Forest tree regeneration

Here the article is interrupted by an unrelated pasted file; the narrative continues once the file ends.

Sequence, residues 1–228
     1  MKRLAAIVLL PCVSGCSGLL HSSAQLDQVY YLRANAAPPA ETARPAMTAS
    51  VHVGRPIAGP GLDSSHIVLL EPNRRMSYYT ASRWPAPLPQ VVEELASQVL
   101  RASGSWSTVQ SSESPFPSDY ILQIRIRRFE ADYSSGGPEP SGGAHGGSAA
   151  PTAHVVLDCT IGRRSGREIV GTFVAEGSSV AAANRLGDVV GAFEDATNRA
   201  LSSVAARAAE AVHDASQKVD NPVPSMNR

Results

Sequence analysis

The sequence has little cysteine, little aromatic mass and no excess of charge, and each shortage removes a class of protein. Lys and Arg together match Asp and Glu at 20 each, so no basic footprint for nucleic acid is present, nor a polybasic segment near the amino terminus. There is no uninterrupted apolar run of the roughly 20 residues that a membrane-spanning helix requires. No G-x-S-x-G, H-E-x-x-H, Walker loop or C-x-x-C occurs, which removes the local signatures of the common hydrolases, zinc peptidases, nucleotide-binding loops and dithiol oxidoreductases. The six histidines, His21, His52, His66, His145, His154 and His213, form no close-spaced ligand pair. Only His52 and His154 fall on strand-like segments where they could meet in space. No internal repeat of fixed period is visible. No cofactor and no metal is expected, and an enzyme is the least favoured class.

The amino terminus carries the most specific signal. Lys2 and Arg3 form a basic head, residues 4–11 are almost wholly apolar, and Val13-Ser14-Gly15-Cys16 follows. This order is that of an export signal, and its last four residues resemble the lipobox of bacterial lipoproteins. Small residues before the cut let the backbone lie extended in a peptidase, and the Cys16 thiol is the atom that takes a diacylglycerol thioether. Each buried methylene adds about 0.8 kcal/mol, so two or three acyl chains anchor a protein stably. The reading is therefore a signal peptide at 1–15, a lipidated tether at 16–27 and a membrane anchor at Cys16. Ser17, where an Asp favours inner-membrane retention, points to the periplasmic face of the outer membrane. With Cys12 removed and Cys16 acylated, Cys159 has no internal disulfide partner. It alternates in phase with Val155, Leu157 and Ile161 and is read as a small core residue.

Conspicuous differences in rates of tree regeneration on tribal vs. nontribal lands have been noted for years. Swift (1948) documented higher recruitment of several tree species (Quercus, Pinus, Tsuga, Thuja, etc.) on tribal than on nontribal lands more than 60 years ago. This distinction continues. Reo and Karl (2010) compared browsing rates and seedling numbers of northern red oak (Quercus rubra) between Ojibwe and nearby state forestlands and found large differences. Reservations experience half as much browsing, allowing 1.5 to 4x as many seedlings to survive. In reviewing forest conditions on ceded (off-reservation) Ojibwe Territories in Wisconsin, Michigan, and Minnesota, Kurtz et al. (2015) noted that aspen (P. tremuloides and P. grandidentata) have become dominant on 20% of timberlands, that sugar maple has increased since 1980, and that northern white-cedar was aging with few small diameter trees.